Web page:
by George Mair
Born illegitimate and virtually abandoned in the Deep South, Oprah is a living symbol of hope and success. A black woman in a business dominated by white males, she has made it to the top with remarkable determination and talent. Raised at first by her grandmother on a Mississippi farm, Oprah shuttled between Milwaukee, where her mother had moved, and Nashville, where her father and her stepmother, Zelma, lived. Oprah grew up in a tiny ghetto apartment with her mother's relatives, where at one point she was raped. She began to live a wild, promiscuous life, until 1968, when Vernon and Zelma took her in. Ambitious and precocious, she got her first job with radio station WVOL while in her senior year of high school. Soon she was winning beauty contests, and in 1973 she was hired by television station WTVF-TV in Nashville at the age of nineteen. To work there she left college to become the first female and the first black newscaster in Nashville, earning $15,000 a year. Oprah Winfrey: The Real Story reveals, often for the very first time: The story of her best friend, Gayle King, who was there for her when Oprah contemplated suicide, the inside story of Oprah's long, on-camera battle with dieting and why she now says, "DIETS DON'T WORK!", how she spent part of the $89 million she made in 1993 on gifts to friends and staff, donations to schools and charities and financing Spike Lee's Malcolm X, the little known ultra-right-wing connections of Oprah's boyfriend and "husband-to-be," Stedman Graham, the behind-the-scenes deals made by Oprah's staff with manufacturers to plant shills on the show, and the very private conflict over whether or not she will have another baby - she first miscarried when she was a teenager - now that she has turned forty. Prize-winning journalist George Mair has interviewed Oprah's friends, family, colleagues, and critics to present this definitive saga of her struggle and success.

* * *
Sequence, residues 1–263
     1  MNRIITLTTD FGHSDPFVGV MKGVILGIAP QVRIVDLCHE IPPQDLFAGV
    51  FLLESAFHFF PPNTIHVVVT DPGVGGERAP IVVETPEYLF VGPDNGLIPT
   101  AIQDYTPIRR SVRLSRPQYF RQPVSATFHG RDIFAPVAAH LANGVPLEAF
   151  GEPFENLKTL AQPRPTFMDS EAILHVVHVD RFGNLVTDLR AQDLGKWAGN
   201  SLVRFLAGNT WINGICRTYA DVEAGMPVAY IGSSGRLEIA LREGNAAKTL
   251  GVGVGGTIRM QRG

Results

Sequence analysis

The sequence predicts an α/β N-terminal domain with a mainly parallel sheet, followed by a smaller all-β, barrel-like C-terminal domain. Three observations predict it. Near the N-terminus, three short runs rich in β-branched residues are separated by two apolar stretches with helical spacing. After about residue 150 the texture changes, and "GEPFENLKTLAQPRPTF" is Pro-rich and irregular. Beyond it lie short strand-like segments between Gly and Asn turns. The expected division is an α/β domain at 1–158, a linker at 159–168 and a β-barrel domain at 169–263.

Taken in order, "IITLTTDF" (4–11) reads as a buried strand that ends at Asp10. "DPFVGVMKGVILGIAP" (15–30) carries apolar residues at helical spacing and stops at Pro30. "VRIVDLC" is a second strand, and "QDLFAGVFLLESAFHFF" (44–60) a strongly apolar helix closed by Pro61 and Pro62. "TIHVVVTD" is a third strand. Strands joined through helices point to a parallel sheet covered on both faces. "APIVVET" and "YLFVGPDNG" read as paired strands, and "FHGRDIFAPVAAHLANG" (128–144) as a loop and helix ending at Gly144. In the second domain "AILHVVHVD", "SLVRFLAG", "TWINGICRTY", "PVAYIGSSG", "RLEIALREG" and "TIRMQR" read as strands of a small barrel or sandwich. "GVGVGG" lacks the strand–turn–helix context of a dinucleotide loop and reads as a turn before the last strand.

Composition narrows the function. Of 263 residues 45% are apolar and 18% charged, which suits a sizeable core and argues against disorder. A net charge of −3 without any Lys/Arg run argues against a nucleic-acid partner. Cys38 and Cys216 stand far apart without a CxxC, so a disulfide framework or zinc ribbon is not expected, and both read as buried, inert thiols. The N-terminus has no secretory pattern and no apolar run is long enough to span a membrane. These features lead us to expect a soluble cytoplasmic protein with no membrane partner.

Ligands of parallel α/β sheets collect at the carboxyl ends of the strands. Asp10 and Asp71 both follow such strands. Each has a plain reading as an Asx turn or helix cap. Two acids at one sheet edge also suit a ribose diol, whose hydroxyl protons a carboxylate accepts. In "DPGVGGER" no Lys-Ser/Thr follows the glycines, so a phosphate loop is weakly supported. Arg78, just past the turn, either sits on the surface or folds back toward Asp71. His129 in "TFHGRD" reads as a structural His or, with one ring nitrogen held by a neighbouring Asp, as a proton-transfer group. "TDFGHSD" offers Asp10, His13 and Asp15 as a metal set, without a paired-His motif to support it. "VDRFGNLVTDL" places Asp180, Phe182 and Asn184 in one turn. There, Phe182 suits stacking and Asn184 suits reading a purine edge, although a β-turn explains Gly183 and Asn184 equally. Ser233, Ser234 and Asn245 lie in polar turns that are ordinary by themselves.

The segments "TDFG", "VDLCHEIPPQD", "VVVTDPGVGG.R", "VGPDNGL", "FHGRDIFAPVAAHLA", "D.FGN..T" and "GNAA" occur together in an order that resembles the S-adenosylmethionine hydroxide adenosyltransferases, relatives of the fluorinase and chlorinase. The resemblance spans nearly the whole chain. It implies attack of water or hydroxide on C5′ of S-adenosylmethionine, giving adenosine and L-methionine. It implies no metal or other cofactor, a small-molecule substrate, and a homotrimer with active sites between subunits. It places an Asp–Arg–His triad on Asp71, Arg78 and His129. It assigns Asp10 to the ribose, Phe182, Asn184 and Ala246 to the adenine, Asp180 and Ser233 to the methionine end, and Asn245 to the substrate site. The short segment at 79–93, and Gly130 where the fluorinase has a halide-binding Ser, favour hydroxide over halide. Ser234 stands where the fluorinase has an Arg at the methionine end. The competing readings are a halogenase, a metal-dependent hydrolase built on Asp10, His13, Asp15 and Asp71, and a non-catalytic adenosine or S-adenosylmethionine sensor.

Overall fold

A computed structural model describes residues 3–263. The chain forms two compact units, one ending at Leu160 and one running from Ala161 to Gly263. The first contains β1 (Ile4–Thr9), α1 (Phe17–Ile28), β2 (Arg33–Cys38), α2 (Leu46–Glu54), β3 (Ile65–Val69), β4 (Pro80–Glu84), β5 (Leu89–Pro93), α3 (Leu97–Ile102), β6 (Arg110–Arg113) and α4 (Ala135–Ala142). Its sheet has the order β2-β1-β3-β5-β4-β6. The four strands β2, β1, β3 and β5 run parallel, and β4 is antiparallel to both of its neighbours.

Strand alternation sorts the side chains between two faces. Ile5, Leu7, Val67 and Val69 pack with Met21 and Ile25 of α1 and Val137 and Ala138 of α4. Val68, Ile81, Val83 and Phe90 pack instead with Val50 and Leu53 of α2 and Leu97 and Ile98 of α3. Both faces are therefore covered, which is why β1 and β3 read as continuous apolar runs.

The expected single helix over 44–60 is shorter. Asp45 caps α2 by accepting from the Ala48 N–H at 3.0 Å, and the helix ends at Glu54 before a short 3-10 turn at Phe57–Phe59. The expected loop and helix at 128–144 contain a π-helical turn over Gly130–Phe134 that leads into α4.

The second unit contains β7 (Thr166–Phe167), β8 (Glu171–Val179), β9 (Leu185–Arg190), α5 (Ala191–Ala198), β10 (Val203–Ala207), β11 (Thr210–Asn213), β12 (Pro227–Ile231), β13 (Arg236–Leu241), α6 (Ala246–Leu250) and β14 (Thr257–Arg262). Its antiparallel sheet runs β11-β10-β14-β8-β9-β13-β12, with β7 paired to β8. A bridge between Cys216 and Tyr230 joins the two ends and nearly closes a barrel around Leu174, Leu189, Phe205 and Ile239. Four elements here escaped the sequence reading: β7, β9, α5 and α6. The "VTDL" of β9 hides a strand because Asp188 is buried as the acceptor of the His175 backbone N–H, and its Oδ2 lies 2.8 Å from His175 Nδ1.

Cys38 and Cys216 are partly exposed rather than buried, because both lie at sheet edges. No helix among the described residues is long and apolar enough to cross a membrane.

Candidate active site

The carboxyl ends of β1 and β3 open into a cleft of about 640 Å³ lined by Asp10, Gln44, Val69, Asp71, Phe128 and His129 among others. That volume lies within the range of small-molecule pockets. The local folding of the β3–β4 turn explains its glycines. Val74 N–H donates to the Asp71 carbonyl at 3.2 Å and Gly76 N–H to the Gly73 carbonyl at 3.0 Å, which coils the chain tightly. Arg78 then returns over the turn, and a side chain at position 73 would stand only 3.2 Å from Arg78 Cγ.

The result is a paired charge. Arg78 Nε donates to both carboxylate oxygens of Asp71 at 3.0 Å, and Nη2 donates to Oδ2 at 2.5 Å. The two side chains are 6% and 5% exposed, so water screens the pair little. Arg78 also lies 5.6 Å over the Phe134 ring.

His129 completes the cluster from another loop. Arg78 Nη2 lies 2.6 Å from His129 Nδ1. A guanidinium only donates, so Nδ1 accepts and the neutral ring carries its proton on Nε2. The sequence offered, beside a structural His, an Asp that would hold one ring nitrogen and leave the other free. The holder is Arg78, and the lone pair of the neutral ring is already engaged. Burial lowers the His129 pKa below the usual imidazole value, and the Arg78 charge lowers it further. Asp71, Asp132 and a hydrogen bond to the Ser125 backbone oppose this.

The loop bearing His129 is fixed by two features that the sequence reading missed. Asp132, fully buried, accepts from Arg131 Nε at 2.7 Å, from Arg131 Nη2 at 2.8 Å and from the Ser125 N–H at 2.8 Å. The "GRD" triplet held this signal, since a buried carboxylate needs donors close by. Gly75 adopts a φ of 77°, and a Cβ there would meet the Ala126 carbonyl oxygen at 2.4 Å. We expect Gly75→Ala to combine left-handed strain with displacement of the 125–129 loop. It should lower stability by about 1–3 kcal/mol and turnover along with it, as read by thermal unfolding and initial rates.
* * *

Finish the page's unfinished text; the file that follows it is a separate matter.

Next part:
Hardcover: 376 pages